Most villainously: like a pedant that keeps the school i’th’ church -Act 3 scene 2-answering Toby “and cross-gartered?”-the allusion confirms Malvolio’s fashion is very outdated – he wouldn’t know this as a Puritan; cruel joke-ironic that she would describe his style as villainous – their prank is somewhat evil
I know my lady will strike him: if she do, he’ll smile and take’t for a great favour -Act 3 scene 2-about Malvolio-highly unlikely that Olivia would strike Malvolio, but this allows Maria to pun on ‘favour’, which means three things: act of kindness, token of love, or sexual concession-her confidence in knowing Olivia will hit him suggests their relationship isn’t very deep at all and she serves merely her role – this contrasts with the relationship between Orsino and Cesario
He is sure possessed, madam -Act 3 scene 4-to Olivia, about Malvolio-very serious accusation in contemporary times; demonic possession wasn’t taken lightly – reflects topsy turvy nature of play and festival; link to “how hollow the fiend speaks within him”-Maria would know the repercussions for someone possessed; she is being cruel to both Malvolio (cost him his life, possibly) and Olivia (her brother has just died and she is now the matriarch of her household – doubt she wants to be dealing with demonic possession)-unless she is aware that Olivia won’t take serious action against Malvolio, because he “suits well for a servant of [Olivia’s] needs” i.e. she can’t afford to let him go
the man is tainted in ‘s wits -Act 3 scene 4-to Olivia, about Malvolio-schadenfreud humour-Shakespeare wrote a lot about mental illnesses – Macbeth “full o’ scorpions is my mind”; the ‘to be or not to be’ speech in Hamlet sees Hamlet contemplate his life; King Lear’s descent into madness – but it was mostly in tragedies; in 12N Shakespeare uses mental illness as a comedic device and asks the audience not to sympathise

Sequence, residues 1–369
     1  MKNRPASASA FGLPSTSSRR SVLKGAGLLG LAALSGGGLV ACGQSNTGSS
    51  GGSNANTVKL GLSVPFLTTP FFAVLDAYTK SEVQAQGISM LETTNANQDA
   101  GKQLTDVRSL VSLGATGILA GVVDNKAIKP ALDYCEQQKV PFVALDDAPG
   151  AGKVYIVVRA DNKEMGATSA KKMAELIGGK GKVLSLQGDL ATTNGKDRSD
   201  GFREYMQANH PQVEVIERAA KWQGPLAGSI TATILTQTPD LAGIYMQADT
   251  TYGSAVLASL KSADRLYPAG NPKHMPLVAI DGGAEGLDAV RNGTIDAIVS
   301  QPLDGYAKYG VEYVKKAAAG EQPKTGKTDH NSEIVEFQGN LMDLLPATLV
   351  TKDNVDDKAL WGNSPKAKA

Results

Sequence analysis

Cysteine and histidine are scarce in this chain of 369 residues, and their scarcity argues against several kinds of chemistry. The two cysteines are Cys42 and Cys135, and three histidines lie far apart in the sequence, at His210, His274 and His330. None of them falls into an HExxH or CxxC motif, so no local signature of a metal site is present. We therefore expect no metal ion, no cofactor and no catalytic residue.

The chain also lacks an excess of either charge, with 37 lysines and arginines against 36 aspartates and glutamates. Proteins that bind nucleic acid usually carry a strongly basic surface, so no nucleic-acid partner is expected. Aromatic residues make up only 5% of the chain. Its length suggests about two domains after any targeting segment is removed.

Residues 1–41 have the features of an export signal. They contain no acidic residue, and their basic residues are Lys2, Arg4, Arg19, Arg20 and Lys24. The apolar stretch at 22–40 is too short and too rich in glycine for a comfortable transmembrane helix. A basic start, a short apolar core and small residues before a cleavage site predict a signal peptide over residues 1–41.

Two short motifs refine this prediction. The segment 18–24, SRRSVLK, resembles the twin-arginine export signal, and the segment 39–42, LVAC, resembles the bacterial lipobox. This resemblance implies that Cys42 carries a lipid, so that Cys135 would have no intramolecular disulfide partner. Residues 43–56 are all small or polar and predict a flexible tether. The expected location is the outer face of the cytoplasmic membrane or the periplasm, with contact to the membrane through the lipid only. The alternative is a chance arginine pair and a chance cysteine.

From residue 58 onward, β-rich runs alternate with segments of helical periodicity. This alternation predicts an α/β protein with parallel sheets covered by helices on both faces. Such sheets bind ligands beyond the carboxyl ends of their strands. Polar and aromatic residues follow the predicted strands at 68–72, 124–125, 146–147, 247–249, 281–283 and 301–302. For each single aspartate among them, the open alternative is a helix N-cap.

Lo, how hollow the fiend speaks within him -Act 3 scene 4-dramatic irony-‘fiend’ is synonymous with ‘devil’ – he has been demonised by Maria and Toby; they are the fiends here-continuation of mockery, even after they have had their main chuckle – verging on cruelty for the kindest of elizabethan audience
get him to say his prayers, good Sir Toby, get him to pray -Act 3 scene 4-mockery of religion-vocative ‘good’ ironic – Toby as a volatile and cruel character, nothing he has done has been ‘good’
you may have very fit occasion for’t; he is now in some commerce with my lady, and will by and by depart -Act 3 scene 4-implication here that Maria’s role in the gang is not just the brains, but the undercover spy, as it were-subverting the role of a lady’s maid by conferring with those that disrupt her lady’s well-being (“Will it ever be thus”? 4,1) and acting in a way that is sure to upset her lady (“What is the matter with thee?” 3,4)
I prithee, put on this gown and this beard: make him believe thou art Sir Topas the curate; do it quickly -Act 4 scene 2-to Feste, about Malvolio-foregrounded use of disguise is a key comedic technique, extending schadenfreud – using the licensed fool to perpetuate this (letting him show off his acting skills)-theme of disguise – link to Viola’s use of clothing (“he went still in this fashion, colour, ornament, for him I imitate” 3,4)-Maria is a direct tormentor of Malvolio, always devising new ways to inflict suffering on him-‘topaz’ is a rock with a tendency to fracture easily – implication that Feste’s disguise isn’t a very good one, indeed his supposed priest’s opinion of Pythagoras was false-topaz is also a rock that cured lunacy, according to English superstition – would Malvolio make this connection?